A report by PricewaterhouseCoopers has cast a very downbeat light on the Scottish housing market amid concerns about Brexit and the UK wide impact. Scottish economic growth is expected to hit 1.2% in 2017 falling down to 1.1% in 2018. This compares to England at 1.5% and 1.4% respectively, Wales at 1.3% and 1.2% although Northern Ireland at 1.1% and 0.9% is also struggling. This does not bode well for not only the Scottish property market but also the UK wide property market.
Scottish housing market struggling
While the rest of the UK has pretty much made up the fall from pre-crisis house price highs in 2007 there are many areas of Scotland which are still struggling. This comes amid forecasts of a 2.5% increase in Scottish house prices in 2017 compared to a fall of 0.2% in 2016. However, areas such as Inverclyde, East Ayrshire, North Ayrshire and West Dunbartonshire are the worst performers relative to their pre-recession peaks. Many may be surprised that Shetland is one of the strongest housing markets in the UK especially when you bear in mind its relatively isolated position.
Housing transactions down
There are a number of reasons why housing transactions in Scotland could be down in isolation but to fall for 12 consecutive months is a strong signal. It is suspected that many sellers are pulling away from the market and buyers are sitting on the sidelines, which is exacerbating the situation and perhaps not giving the true underlying position. The problem is that when prices continue to fall, and transaction numbers follow suit, buyers will be in no particular rush to invest and sellers will not want to give away their properties. So, we enter something of a stand-off….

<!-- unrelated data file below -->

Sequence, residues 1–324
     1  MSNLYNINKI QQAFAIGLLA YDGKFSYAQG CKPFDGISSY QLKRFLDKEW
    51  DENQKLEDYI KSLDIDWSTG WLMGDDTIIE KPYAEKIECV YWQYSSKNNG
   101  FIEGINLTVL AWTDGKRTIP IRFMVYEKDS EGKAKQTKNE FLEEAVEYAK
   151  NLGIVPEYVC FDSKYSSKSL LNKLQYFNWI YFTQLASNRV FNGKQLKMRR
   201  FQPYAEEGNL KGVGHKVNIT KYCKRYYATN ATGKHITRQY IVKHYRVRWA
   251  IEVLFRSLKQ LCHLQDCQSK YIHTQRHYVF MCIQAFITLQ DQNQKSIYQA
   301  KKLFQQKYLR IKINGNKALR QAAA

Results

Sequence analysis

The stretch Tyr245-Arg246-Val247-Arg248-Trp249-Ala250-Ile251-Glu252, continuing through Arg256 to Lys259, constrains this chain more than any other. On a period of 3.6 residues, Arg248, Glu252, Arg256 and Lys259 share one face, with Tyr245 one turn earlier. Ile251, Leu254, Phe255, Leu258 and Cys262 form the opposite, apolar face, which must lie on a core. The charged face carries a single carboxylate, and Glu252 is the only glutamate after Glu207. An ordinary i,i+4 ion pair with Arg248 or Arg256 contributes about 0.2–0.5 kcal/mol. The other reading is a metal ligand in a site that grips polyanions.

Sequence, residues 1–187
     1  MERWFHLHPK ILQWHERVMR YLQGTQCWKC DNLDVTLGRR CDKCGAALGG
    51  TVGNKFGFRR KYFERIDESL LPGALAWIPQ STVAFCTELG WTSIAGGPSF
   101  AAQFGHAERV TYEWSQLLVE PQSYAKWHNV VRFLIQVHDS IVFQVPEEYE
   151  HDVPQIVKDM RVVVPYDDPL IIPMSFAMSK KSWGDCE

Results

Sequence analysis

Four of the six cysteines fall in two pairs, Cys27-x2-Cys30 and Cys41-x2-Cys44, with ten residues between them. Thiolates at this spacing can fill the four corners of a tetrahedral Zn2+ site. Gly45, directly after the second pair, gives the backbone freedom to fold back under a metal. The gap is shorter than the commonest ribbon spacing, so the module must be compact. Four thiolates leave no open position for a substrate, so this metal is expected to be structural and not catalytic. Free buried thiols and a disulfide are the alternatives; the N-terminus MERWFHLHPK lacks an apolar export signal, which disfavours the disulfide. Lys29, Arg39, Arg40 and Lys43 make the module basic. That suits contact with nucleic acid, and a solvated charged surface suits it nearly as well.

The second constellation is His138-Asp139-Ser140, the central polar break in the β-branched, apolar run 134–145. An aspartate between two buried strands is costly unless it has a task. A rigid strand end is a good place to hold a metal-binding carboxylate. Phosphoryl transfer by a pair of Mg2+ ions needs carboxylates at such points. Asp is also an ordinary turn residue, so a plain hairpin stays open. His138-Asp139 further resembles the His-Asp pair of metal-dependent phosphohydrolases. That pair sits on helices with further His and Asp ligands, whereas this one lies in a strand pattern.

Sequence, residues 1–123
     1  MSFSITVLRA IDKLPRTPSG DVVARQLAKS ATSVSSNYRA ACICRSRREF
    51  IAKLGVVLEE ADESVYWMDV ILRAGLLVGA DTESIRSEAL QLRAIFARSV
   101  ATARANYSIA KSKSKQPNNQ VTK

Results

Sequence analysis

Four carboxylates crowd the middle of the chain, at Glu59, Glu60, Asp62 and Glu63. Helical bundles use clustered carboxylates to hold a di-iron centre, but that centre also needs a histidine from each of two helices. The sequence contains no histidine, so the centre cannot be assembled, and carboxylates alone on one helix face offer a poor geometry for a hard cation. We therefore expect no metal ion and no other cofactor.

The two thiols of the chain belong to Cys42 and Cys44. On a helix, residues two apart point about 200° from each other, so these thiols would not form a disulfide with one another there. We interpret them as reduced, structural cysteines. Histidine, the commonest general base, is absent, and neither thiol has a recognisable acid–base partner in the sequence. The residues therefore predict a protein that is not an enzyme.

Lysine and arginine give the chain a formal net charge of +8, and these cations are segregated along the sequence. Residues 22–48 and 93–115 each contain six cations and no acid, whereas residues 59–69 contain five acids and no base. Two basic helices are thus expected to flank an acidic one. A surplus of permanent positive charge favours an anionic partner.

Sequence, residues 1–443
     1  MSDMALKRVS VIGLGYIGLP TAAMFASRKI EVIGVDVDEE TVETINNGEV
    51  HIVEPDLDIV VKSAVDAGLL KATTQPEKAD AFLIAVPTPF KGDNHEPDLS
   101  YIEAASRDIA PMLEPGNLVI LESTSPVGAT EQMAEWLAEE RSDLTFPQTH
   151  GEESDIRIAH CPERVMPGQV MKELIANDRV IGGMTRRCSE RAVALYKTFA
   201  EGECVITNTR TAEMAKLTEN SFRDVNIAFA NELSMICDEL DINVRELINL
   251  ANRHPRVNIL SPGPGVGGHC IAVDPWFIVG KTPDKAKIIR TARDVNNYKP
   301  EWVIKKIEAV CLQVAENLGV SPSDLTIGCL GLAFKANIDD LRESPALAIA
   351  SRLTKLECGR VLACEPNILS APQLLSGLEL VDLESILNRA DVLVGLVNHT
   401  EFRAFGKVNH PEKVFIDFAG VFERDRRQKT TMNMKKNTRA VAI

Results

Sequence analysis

Why is Scotland weaker than the UK?
The SNP government will see this report by PricewaterhouseCoopers as something of a breath of fresh air because it skirts around the subject of independence and the oil industry. Whether politicians like it or not, the uncertainty of yet another independence referendum in Scotland will stop businesses from investing and consumers from buying houses. There is also a knock-on effect to wage growth, consumer spending and also liquidity for the Scottish housing market.
The oil price recently started to show a degree of strength but this has faded somewhat and areas such as Aberdeen, dependent upon the oil industry, will have to wait for their recovery. House prices in that particular region have fallen dramatically since the oil price collapse and from an expected multibillion pound tax take the oil industry has turned full circle and is now being subsidised by the UK government.
Scotland has a potentially toxic mix of issues to consider such as Brexit, independence, a weakened economy and the oil industry. These issues are having a dramatic impact upon some areas of the Scottish housing market and until the uncertainty lifts it is difficult to see any prolonged recovery. There is nothing to suggest that Scotland cannot go independent from the UK but would it have survived the economic crisis we see today if it had not been part of the UK? Does the UK act as a cushion in times of economic stress or could the Scottish government do a better job?